The beauty of WordPress is that you can go as far down the rabbit hole as you want. If you have zero technical knowledge, you have the same relative abilities as an experienced professional coder right at your fingertips. Although sometimes it helps to understand what you are doing when you need to dig into WordPress’ backend to fix permission errors.
Simply put, if your permissions are wrong, you won’t be able to access certain files or folders. In fact, it would be more correct to say that the server does not allow anyone to access these files. The workaround is to dig in, make some changes, and quit.
In the next few minutes, we’ll take a look in WordPress to fix permission errors. More importantly, we’ll give you everything you need to do it well.
What are “permissions” (and why are they needed)
The elevator tone of permissions is that they protect your files and folders from unauthorized access. To complicate things further, every file and folder has a certain permission level. If a client such as a browser tries to open or otherwise use the file, the server will check to see if it has the correct permissions to do so.
If the client checks out, the server pings the file to the browser as part of the HTTP request. Conversely, if the client doesn’t have the correct permissions, you’ll get an error.
In most cases, you won’t get permission errors. This is because the system’s job is to restrict access to only those who need the file or folder. If you don’t have file permissions, your WordPress site, as well as your server, could be in real trouble with malicious attacks.
What do you need to help WordPress fix permission errors
The good news is that you don’t need a lot to re-harden WordPress and fix permission errors. In fact, all you need is one tool: a Secure File Transfer Protocol (SFTP) client. There are a few of these on the market, but three are our favorites.
For starters, FileZilla is the standard tool for accessing your site via SFTP, although Cyberduck has just as many usability and features:
Panic’s Transmit is a great tool if you want an advanced SFTP solution that also does a lot of other things for you:
This can help connect to WordPress and fix permission errors, push and pull data from cloud storage, and more.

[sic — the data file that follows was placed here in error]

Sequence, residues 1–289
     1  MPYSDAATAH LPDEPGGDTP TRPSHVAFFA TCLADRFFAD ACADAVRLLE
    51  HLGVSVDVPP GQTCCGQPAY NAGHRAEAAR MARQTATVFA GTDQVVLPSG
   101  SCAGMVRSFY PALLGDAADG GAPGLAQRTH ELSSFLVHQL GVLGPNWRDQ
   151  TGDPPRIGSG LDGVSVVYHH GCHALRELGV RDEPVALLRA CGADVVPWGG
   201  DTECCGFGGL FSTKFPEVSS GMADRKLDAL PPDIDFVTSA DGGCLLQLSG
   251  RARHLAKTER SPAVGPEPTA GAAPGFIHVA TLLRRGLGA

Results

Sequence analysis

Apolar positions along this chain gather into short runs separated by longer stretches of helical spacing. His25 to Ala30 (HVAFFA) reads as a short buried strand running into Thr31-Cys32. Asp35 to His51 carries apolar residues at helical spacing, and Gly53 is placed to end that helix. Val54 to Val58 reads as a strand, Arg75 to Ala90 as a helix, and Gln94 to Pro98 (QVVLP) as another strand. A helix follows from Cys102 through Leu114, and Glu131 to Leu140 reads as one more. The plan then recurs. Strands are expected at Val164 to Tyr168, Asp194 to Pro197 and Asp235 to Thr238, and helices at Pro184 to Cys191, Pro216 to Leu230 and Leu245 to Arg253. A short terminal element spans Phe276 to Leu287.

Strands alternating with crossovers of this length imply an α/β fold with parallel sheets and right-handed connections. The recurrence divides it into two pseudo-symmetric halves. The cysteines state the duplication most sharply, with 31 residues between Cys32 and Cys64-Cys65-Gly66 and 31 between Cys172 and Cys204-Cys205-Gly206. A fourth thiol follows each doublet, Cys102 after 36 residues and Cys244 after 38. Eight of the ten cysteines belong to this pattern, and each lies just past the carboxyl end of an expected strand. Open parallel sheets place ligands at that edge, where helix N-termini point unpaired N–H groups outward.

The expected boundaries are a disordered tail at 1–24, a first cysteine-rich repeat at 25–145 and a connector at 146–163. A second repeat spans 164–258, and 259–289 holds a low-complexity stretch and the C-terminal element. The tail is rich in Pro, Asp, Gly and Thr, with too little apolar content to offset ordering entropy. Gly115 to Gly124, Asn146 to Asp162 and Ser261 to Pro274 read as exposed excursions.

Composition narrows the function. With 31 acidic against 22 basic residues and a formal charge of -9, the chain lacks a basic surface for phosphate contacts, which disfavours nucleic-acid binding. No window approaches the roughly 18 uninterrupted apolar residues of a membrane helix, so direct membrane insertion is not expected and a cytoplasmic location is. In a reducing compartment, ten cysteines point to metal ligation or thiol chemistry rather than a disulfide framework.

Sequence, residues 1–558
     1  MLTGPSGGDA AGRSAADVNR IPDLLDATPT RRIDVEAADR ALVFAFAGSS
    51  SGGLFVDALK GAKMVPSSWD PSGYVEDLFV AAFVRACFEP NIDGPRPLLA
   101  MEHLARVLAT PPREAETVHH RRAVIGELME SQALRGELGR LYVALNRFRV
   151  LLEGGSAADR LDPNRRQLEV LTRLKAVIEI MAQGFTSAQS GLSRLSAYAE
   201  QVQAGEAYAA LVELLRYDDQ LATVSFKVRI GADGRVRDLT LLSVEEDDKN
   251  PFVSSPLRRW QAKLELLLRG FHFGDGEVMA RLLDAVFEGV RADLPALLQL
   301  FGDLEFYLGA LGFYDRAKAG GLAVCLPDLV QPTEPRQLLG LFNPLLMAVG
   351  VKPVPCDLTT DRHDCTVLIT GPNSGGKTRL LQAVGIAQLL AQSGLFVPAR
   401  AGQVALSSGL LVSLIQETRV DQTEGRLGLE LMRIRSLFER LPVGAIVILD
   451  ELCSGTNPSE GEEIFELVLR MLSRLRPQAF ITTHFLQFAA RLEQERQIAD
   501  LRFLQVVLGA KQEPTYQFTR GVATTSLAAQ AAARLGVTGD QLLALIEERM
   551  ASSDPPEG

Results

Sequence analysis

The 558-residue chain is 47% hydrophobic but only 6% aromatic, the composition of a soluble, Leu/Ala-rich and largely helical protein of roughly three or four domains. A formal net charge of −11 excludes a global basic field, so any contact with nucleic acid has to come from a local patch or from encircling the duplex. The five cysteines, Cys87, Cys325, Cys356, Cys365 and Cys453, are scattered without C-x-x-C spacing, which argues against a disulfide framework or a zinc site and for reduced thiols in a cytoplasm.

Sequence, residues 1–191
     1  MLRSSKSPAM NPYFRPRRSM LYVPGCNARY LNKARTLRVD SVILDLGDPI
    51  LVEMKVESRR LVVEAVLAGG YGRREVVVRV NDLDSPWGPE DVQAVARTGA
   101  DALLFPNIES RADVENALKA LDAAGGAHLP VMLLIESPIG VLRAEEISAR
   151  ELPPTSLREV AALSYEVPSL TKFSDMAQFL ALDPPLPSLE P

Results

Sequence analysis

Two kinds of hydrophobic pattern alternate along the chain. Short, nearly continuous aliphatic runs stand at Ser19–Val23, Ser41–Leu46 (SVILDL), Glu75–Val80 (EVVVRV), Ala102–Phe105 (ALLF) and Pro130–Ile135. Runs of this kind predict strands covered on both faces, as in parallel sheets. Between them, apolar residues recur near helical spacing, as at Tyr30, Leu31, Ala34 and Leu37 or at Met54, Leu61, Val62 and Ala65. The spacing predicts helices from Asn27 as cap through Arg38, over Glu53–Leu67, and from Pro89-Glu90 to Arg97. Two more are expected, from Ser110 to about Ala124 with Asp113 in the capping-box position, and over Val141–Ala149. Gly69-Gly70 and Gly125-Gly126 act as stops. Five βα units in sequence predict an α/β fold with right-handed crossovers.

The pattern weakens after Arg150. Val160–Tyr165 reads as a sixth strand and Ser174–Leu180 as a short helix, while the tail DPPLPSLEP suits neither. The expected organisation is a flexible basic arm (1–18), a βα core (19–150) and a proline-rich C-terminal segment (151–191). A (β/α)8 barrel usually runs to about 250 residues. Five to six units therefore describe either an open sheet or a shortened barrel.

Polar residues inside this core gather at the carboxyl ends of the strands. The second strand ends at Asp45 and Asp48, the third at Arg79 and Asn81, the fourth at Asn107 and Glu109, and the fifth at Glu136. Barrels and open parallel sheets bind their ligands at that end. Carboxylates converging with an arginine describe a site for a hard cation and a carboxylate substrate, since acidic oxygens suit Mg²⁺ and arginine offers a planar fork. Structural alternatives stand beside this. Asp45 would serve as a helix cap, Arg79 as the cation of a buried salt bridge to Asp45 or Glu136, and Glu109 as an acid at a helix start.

No matter which SFTP tool you choose, before you open the hood of your website, you also need to check that the following are in place:
Administrative access to your server. In short, if you get a permission error while trying to fix a permission error, you’re in trouble!
Learn how to use SFTP, although you don’t need advanced skills here – enough to access your server and edit file settings. Of course, there are many ways to use SFTP on your WordPress server.
Also, while understanding how file permissions work with WordPress is useful and will speed up the time it takes to fix, it’s not necessary right now. This article will show you which settings to change and how, and in order to fix the bug, you don’t need to know the gory details.
We also recommend that you make an up-to-date and clean backup of your website in case you make changes that don’t work the way you want. If you “tank” your website, you’ll be happy to have a fresh backup exist.
How to Harden WordPress and Fix Permission Errors
A permission error occurs when you wish to install a theme or plugin. Because WordPress cannot access the file, you need help with it.
We will do this in four steps:
Login to your server using SFTP.
Make sure the file has the correct permissions.
See if your folder also has the correct permissions.
Check if a bunch of specific files have a unique permission set.
Like any velvet rope outside the club – if your name isn’t recorded, you won’t get in. WordPress has its own VIP section – your site’s server – which is denied if the browser or user doesn’t have the correct permissions to access the files inside.
Throughout the course of this post, we’ve been in the background of WordPress to fix permission errors and get broken sites up and running again. The best way is to use SFTP as the steps involved take no time. You just need to make sure the files and folders have specific permission settings and your website will be back to normal.